|Rodrigo Arenas Betancourt at work.|
But Arenas, who lived from 1919 to 1995, also made one sculpture paying tribute to one of the worst people Colombia has produced: narcotrafficker Pablo Escobar. Now, Colombia may have to decide what to about an artwork which represents the intersection of wealth, crime, art and even sexuality.
The sculpture, called La Familia hangs on a wall of Escobar's El Monaco apartment building in Medellin. It isn't one of the artist's most distinguished works: It portrays sexualized figures standing one atop another, the woman a stereotypicaly voluptuous narcotrafficker's fantasy.
Medellin now plans to demolish the Monaco building in an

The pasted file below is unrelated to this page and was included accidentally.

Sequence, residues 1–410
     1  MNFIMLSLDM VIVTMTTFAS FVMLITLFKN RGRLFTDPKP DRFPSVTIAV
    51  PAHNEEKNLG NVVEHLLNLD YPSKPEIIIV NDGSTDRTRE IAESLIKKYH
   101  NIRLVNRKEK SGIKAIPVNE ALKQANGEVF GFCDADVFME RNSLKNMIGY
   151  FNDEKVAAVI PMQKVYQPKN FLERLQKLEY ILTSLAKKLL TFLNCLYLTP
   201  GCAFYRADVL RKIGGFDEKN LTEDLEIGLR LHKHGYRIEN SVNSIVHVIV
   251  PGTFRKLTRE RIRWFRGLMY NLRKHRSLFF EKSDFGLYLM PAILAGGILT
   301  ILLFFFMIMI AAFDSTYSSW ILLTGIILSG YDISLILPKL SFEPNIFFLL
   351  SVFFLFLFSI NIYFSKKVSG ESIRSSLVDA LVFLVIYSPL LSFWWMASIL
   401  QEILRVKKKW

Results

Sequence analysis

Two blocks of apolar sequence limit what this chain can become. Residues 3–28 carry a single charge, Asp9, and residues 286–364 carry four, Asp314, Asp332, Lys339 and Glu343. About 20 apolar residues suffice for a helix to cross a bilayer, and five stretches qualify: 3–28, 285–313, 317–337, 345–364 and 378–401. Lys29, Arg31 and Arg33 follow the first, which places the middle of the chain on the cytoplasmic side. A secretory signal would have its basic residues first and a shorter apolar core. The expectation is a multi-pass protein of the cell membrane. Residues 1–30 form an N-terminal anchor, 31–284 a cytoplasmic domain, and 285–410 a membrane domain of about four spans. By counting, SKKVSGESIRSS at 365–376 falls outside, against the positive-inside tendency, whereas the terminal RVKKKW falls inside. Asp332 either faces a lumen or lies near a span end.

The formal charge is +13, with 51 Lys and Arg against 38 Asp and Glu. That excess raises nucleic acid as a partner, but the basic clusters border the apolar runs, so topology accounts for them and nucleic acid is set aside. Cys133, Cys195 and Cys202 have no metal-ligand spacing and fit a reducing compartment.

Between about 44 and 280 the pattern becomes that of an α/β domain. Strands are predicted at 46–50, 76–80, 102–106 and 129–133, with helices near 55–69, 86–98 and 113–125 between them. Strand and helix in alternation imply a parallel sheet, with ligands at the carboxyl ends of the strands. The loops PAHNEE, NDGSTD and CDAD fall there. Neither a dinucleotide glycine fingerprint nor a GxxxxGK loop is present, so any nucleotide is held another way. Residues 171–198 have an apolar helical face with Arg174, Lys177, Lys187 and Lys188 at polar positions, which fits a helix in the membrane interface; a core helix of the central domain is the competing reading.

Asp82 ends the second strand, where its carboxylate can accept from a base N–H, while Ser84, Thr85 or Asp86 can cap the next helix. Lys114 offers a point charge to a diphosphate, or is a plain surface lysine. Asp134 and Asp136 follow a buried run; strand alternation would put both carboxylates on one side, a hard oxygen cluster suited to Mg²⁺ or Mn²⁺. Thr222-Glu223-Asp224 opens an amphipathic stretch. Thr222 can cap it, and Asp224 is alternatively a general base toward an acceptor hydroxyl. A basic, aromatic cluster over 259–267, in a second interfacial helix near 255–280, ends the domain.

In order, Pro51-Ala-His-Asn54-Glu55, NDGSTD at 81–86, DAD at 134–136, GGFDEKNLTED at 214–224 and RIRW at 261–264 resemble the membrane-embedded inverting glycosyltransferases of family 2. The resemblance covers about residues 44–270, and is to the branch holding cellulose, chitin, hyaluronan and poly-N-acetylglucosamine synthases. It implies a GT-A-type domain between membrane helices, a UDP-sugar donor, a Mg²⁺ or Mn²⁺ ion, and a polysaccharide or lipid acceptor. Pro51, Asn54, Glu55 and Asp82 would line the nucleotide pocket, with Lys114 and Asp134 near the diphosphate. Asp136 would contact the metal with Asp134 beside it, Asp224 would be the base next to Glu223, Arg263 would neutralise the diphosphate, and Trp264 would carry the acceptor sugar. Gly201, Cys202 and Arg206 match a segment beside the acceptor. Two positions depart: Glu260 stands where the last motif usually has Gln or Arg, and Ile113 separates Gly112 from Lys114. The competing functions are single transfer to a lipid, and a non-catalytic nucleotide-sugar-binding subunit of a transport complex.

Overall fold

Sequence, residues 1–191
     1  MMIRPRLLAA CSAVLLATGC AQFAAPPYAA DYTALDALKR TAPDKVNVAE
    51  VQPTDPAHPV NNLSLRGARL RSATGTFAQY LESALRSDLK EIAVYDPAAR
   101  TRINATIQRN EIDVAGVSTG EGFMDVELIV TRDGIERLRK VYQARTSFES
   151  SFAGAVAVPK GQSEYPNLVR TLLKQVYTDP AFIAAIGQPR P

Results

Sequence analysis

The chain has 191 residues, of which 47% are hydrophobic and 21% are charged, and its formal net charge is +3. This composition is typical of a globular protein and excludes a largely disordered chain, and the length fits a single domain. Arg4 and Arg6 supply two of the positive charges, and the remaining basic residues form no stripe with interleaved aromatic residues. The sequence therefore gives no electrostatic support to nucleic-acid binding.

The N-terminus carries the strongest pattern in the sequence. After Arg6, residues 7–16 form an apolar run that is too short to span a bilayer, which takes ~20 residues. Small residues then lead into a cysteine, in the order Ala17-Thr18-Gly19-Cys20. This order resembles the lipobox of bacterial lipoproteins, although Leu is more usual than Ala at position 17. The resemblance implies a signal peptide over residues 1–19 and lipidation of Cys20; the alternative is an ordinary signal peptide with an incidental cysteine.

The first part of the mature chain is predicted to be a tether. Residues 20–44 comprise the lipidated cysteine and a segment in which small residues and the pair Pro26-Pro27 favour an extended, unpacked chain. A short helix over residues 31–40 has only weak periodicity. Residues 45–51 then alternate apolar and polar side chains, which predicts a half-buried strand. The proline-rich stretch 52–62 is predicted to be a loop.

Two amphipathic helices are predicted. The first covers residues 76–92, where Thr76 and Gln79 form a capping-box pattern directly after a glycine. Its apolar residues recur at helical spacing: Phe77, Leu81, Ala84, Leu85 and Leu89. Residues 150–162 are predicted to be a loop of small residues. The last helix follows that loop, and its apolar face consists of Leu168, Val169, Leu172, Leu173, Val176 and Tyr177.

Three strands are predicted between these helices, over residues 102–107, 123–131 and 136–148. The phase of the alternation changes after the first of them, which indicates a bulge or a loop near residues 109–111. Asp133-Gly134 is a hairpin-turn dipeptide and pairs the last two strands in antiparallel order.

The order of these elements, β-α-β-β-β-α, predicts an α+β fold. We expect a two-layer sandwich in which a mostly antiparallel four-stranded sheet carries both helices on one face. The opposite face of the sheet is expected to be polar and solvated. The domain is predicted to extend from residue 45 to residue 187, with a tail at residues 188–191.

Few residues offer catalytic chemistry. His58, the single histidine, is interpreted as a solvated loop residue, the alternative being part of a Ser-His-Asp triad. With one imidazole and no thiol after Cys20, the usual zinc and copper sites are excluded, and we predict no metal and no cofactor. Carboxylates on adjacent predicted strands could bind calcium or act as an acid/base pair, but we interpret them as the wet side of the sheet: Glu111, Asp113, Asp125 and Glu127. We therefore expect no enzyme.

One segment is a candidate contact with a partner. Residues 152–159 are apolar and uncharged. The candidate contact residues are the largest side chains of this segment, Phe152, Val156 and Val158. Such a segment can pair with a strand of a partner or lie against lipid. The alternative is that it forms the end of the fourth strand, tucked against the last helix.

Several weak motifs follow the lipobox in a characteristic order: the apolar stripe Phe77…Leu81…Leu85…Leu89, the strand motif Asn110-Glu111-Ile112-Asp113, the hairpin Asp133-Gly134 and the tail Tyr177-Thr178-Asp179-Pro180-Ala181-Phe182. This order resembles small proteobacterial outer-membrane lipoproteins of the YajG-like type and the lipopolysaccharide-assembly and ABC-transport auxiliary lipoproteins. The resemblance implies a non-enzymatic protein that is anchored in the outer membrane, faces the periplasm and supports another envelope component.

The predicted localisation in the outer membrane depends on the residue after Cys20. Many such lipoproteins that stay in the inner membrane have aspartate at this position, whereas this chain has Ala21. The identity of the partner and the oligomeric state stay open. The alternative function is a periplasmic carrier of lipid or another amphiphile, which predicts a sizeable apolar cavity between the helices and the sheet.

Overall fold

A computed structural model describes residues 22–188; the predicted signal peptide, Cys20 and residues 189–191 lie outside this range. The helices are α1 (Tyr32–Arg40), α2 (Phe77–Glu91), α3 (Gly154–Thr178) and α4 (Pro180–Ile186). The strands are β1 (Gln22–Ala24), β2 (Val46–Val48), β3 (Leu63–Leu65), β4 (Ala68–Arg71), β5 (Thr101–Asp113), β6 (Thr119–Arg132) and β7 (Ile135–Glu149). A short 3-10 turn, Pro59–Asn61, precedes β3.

effort to change its narco-city image. That's a questionable policy in an era when historical memory is gaining importance. After all, the narcos' extravagant lifestyle demonstrates what happens when a sought-after commodity is prohibited: It makes vicious criminals rich.
|La Familia, on a wall of the |
El Monaco building in Medellin.
But what about art created as a tribute to a vicious criminal?
There's no word about why Arenas created the work for Escobar. Did he fear him? Did he admire the man's criminal accomplishments, or his pretentions of nationalist politics? Or did Betancourt just need the money?
According to news reports, Arenas' sculpture may go to Medellin's 'Museo de la Memoria,' which is to commemorate the victims of Medellin's violence. But that hardly seems like an appropriate abode for an eroticized tribute to a mass murderer.
|Prometheuus Unchained, in the Casa del Museo de Antioquia.|
By Mike Ceaser, of Bogotá Bike Tours